Missy Cannon is a nature lover. The woman well known for Flowers into Paintings created hundreds of pieces from pressed flowers before striking out in a new direction. It was a bold move to leave a successful business for the freedom of following her heart. A move that’s proven wise. Her latest collection filled with that love of nature can be found at Mixology in the Oil Center.
What inspires you? Over the years, I have been inspired by nature in most of my work. Most recently, we moved out to Scott where I have been overwhelmed with the peacefulness of the open land, and most of all, the sky that seems to go on forever. The clouds are amazing to me, and I seem to get lost in them when I sit outside and take in the view. Because of this, I tend to start most of my paintings with the sky and let the painting unfold from there. This was the starting point for my current show on display at Mixology.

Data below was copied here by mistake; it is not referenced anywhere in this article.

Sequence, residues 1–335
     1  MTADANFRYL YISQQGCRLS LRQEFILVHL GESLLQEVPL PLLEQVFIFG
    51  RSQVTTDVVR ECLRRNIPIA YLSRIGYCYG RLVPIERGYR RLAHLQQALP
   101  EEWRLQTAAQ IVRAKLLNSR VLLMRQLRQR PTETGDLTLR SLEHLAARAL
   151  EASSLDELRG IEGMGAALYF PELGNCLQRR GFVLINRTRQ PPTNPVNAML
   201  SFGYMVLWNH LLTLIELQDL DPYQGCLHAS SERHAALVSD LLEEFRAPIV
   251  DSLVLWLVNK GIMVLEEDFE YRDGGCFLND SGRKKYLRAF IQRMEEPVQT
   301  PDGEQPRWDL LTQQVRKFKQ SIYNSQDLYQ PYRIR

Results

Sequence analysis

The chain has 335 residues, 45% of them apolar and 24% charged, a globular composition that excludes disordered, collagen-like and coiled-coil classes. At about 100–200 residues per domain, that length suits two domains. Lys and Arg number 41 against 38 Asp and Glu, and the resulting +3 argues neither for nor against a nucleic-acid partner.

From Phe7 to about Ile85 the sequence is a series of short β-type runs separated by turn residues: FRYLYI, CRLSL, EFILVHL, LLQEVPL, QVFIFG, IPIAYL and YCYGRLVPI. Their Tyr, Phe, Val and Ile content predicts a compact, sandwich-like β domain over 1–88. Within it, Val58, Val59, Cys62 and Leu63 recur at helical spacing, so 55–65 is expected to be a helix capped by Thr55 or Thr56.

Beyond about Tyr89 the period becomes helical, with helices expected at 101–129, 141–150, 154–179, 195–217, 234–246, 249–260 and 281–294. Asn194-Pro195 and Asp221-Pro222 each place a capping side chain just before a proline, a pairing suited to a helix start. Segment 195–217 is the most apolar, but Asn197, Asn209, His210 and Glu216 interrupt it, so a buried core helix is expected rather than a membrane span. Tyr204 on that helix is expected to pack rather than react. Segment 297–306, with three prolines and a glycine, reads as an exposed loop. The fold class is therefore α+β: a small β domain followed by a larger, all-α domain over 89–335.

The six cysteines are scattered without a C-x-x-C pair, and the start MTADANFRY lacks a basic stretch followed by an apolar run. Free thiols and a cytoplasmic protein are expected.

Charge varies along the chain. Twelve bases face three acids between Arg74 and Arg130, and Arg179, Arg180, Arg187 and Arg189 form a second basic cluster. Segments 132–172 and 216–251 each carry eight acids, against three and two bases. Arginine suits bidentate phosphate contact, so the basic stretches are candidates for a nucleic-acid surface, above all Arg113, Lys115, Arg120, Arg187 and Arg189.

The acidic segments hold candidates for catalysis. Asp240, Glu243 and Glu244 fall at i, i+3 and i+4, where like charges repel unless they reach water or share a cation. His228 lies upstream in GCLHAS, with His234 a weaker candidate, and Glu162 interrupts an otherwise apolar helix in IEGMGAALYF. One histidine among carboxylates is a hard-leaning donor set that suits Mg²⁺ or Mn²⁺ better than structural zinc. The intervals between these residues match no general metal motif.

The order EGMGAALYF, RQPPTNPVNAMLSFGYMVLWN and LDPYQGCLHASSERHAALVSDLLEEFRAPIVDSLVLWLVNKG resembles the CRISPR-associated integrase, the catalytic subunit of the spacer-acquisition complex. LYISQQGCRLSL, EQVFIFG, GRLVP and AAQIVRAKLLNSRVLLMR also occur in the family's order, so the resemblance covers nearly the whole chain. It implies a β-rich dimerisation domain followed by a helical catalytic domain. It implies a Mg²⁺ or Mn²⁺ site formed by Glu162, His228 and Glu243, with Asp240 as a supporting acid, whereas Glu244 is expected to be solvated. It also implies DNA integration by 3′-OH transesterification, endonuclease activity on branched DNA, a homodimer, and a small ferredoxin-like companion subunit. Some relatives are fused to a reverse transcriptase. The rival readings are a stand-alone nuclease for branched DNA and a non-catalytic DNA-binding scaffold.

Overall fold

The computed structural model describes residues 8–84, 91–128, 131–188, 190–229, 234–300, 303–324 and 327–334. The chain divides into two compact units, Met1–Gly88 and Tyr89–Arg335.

How has your work changed over time? For many years, I had my business, Flowers Into Paintings, and I created thousands of commissioned paintings for local customers as well as for people across the country. In these paintings, I used pressed flowers from weddings and other occasions. When I felt the need to do something different, I was pulled between the successful business I created and the freedom to follow my heart. It was a very tough decision because of the risk of closing my business. But I soon realized that it was the right choice. I am painting from my heart and sharing the amazing view of nature that I am so blessed to have.